Because these differences go largely unnoticed by the academic community, women are more likely to struggle with their college writing, not only in composition courses, but also across her courses. This is in stark contrast to studies of elementary and middle school children. Such studies often reveal that women are assessed as better writers. (Englehard, p. 206) What changes between these early years and college that women change from being the 'better' writers to being the struggling writers? What changes is the preferred mode of discourse. In elementary and middle school children are often asked to write personal narratives, while they are then devalued if they bring that form of writing into the college classroom. This is a serious problem as many women learn to question and undervalue their own work in this linguistically biased environment. (Hunter, p.22, Isaac, p.151)
In order to make any major changes, the pedagogy of the academy must be examined and changed. Unfortunately, "discussions of critical pedagogy often remain very far removed from practical application and reside within a lofty discourse of theory, leaving suggestions from critical pedagogical theorists disconnected from practitioners' actual experiences." (Ferganchick-Neufang, p.21) The reality is that pedagogical discussions are even farther removed from composition as these courses do not receive the same status as other college courses. The trend is for composition courses to be taught by graduate students with little experience, the majority of whom are underpaid women who lack the same job security as the 'scholars' in academia. Some see this "...as sex-segregation, with women occupying the majority of practitioner roles and men the majority of scholar roles." (Ferganchick-Neufang, p.22) Thus it appears that scholars who are engaged in discussions of critical pedagogy are often not the same scholars teaching composition. In light of this fact, how a composition teacher is to construct her course so that it allows both women and men to have a voice that is accepted by professional readers of various disciplines is not evident.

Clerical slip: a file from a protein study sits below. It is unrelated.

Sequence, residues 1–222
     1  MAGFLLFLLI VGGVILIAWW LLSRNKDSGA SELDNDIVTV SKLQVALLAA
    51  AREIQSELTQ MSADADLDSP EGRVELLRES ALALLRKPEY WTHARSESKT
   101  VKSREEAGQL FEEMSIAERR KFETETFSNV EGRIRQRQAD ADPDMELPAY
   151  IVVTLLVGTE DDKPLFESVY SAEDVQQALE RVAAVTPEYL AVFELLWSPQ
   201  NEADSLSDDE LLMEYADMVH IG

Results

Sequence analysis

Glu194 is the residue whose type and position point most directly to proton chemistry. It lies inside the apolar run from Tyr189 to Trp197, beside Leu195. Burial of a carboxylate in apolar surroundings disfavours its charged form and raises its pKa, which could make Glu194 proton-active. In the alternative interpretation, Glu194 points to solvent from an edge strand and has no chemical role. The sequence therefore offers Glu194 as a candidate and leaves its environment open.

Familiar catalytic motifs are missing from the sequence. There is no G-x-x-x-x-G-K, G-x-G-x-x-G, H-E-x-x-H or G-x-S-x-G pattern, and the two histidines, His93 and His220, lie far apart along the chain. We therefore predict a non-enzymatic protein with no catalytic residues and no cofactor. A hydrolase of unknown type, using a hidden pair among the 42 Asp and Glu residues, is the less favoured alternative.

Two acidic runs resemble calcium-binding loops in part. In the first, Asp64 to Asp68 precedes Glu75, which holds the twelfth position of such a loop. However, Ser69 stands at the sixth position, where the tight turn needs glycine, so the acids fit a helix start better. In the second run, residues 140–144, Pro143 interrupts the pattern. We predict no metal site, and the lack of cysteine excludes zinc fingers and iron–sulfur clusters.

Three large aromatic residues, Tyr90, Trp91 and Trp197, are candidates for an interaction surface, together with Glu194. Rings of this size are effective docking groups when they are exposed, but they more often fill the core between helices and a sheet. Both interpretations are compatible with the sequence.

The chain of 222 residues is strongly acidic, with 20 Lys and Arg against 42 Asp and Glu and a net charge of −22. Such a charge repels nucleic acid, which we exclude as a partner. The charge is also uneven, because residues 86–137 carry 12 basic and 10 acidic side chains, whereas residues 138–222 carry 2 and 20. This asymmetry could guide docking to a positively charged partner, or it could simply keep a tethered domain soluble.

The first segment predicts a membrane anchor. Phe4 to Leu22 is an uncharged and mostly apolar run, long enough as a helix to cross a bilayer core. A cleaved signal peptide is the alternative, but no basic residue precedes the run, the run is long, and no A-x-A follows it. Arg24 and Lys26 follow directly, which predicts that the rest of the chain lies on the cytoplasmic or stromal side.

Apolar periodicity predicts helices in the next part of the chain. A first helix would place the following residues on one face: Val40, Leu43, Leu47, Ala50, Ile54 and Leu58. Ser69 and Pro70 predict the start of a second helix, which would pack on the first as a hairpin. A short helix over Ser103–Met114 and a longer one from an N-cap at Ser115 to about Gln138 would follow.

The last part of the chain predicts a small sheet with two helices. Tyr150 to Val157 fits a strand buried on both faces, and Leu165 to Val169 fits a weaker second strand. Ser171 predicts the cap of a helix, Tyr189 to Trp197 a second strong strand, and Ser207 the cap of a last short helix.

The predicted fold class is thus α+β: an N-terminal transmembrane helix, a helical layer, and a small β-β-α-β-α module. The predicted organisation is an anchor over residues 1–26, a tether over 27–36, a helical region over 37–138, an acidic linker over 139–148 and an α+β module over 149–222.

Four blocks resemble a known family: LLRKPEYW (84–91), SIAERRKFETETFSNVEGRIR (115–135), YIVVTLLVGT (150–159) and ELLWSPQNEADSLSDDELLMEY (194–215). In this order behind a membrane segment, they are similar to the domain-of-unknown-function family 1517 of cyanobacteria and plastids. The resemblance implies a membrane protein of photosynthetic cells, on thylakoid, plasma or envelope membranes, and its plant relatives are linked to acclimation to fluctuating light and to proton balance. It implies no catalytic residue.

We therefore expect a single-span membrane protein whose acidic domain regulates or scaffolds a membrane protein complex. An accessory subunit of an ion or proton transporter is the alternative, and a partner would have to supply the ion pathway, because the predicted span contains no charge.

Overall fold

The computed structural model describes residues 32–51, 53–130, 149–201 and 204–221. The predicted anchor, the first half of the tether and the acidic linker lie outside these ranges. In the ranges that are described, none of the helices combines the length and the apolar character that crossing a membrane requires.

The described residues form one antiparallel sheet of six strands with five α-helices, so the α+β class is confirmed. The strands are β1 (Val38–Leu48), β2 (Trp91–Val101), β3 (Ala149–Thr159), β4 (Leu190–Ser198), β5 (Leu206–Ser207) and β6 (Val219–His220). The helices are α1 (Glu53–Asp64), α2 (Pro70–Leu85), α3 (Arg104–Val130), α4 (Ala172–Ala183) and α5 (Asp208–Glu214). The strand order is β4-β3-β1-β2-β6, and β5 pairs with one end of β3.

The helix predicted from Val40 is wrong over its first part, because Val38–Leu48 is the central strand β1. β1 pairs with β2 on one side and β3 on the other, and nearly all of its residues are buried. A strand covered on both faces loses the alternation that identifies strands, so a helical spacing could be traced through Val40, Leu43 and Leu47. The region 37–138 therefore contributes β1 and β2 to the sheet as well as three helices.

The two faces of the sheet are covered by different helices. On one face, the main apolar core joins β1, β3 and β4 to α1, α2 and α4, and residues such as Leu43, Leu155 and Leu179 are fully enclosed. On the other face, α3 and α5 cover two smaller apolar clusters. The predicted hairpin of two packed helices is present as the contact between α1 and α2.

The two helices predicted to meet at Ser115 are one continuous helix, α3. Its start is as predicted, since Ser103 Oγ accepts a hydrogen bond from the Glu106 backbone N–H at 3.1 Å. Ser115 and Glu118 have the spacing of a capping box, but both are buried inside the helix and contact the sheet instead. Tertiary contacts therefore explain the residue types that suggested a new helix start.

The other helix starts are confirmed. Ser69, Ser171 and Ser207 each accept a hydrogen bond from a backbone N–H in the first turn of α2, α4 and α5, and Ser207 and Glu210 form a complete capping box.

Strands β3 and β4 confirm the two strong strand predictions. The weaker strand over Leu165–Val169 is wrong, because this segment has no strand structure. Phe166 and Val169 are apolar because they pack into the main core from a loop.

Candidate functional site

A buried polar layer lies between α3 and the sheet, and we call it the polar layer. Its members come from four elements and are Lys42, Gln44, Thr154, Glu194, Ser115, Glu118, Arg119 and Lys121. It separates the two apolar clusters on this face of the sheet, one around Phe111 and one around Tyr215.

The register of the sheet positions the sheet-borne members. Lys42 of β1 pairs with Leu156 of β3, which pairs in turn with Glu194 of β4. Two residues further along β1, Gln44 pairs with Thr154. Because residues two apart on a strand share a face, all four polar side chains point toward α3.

As educators decide how to best teach female writers, they must struggle with whether they should give more value to female discourse patterns, or push female writers into the male discourse patterns. For the time being, it appears that there are some changes that teachers can implement to create a classroom more conducive to various discourse styles. Teachers can allow students to collaborate and peer edit to establish a sense of community within the classroom. Educators can begin by assigning works that encourage use of personal experience, thus lessening the anxiety level of female students. Hopefully with continued research and discussion and more female voices, the academy will change such that it embraces various forms of written discourse, thus achieving a higher level of gender equity in the composition classroom.
Ferganchick-Neufang, J. (1996). Women's Work and Critical Pedagogy. The Writing Instructor, 21-34.
Gradin, S. (1994). What's Gender Got to Do with It? National Forum, LXXIV, No.1, 19-21.
Hayes, C. (1995). Some Questions for Feminist Rhetoric. Teaching English in the Two Year College, 295-301.
Hunter, P. (1988). Writing, Reading, and Gender, Journal of Developmental Education, 12, No.1, 20-26.
Isaac, K. and Reimer, C. (1994). Women Writers-Building new Personal and Academic Expectations. Teaching English in the Two-Year college, 150-156.
Jenkins, R. (1993). The Intersection of Gender and Culture in the Teaching of Writing. College Teaching, 19-24.
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Created: March 2000 / Updated: Saturday, 24 March 2001